By Bruce Roffé
When your clients’ renewals roll around, it’s only logical that you present them with options from a short list of conventional, fully-insured health plans – similar to their existing coverage.
However, depending upon your clients’ circumstances, a self-insured approach to providing health benefits, particularly one that benchmarks claims against Medicare rates, may be a better option for your clients. Moreover, your expertise on the subject can elevate your position to “trusted advisor” and earn you greater income in the process.
As a rule, self-funding health benefits delivers significant savings compared to premiums for a fully-insured health plan. In 2015, the average premium for employees and their families for those working at companies with a self-funded health plan was 31 percent cheaper compared to the average premium for those working at companies with a conventional, fully-funded commercial health plan, according to Kaiser Family Foundation research.
As your clients’ headcounts grow, they will likely turn toward a self-insured solution with or without your lead. However, you have a great deal of influence on how your clients approach the transition, and giving them the right advice can make you a hero to them.
The Basics Of Self-Funding Health Benefits
In a self-funded environment, the employer takes on the financial burden of paying workers’ health claims. A third-party administrator, or TPA, helps design a plan to meet the employer’s particular needs, including determining the cost-sharing between the employer and workers. The cost sharing mirrors fully-insured plans, usually in the form of monthly payroll deductions, copayments, and deductibles. The TPA contracts with provider networks and administers the claims.
To protect the employer from catastrophic costs associated with a major health expense or a particularly high number of aggregate claims, the employer also purchases stop-loss coverage.
In 2015, 63 percent of U.S. employers self-funded their health benefits, 10 percent more than only a decade earlier, according to the Kaiser Family Foundation. As you might expect, the frequency of self-funding increases with employee number. For example, 82 percent of employers with 500 or more workers self-insure, compared with 26 percent of employers with 100 to 499 workers, and less than 5 percent of employers with 50 or fewer workers.
What’s Good Enough For Uncle Sam…
Among your clients for whom self-insurance makes good sense, “reference-based pricing” or “Medicare-plus pricing” may be an even more attractive option. Medicare-plus plans are a relatively new option where employers typically pay the provider 1.2 to 2 times the rates set by Medicare. This can translate into tens of thousands of dollars of savings for your client – even compared to pre-negotiated rates for network providers. And that’s just for a single claim. Imagine the savings for a large group with hundreds or thousands of claims each year.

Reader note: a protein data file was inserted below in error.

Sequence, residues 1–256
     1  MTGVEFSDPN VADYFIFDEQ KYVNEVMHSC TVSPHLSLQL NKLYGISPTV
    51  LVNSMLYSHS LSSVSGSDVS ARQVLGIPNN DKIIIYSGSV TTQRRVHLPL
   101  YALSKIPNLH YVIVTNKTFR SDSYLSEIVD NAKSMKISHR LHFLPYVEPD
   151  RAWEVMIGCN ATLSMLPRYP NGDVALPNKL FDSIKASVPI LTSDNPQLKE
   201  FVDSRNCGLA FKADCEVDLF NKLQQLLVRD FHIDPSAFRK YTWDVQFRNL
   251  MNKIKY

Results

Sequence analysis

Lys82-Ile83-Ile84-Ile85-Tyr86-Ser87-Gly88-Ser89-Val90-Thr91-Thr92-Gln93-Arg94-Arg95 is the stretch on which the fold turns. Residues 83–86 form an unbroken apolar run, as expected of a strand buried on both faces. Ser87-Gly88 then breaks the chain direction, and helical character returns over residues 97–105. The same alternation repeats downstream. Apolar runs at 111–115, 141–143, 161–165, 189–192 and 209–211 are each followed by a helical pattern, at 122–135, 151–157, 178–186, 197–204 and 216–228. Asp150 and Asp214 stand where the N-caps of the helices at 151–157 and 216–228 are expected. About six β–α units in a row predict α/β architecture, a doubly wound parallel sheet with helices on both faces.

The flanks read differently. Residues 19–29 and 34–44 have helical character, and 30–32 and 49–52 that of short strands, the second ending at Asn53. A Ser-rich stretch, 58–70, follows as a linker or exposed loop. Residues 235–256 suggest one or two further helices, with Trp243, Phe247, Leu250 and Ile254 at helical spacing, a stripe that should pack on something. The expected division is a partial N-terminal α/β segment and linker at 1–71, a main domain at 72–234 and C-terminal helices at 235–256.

Employers can use the Medicare-plus approach for all claims, hospital claims only (and pay contracted rates through a preferred provider organization for physician services), or for specific services such as dialysis.
Here’s how it works. A worker accesses care, and the provider submits a bill to the TPA. The TPA, in turn, works with a medical claims cost-reduction company. The company determines the Medicare rate and re-prices the provider’s bill accordingly. Finally, the TPA pays the reduced amount.
Keep in mind, not all providers will accept the re-priced bill as payment in full. In these instances, the provider can pursue the unpaid balance from the worker. In some states, this collection approach, known as “balance billing,” soon may be illegal, but for now, it’s not uncommon. As a protection against the practice, many TPAs have patient advocacy plans where they agree to serve as advocates for the worker in these scenarios. In addition, they often will engage the medical claims cost-reduction company to negotiate an acceptable resolution for the provider, the employer and the worker.
Advisor, Salesperson Or Both?
Self-funded plans often make good sense for large groups. And for employers who have to provide coverage under the ACA but want to minimize costs, a Medicare-plus approach makes even smarter sense.
As an agent, you’re in an enviable position to advise your clients toward these options, and you can earn substantial revenue in the process. TPAs often pay commissions to agents, usually on a per employee/per month basis (PE/PM), and the amount can range from $1 to $2 per employee. For large groups, that translates into big dollars. In addition, stop-loss insurance carriers pay commissions.
In addition, many agents charge consulting fees, demonstrating the significant value employers place on their advice and counsel. For these agents, knowledge and a passion for saving their clients money makes them trusted advisors for years to come.
Dr. Bruce Roffé is a pharmacist and president and CEO of H.H.C. Group. Bruce may be reached at email@example.com.
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